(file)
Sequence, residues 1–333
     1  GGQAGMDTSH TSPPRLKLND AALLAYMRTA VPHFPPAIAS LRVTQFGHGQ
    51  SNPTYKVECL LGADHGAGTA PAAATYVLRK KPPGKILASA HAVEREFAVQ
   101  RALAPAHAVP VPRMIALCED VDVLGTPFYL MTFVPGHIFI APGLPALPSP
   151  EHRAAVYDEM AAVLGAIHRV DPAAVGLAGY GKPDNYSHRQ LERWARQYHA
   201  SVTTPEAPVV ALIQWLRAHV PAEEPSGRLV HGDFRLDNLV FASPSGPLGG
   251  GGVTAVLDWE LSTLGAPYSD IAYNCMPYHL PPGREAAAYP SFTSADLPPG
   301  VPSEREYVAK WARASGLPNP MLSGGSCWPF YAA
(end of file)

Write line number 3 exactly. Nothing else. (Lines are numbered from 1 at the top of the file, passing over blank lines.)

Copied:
    51  SNPTYKVECL LGADHGAGTA PAAATYVLRK KPPGKILASA HAVEREFAVQ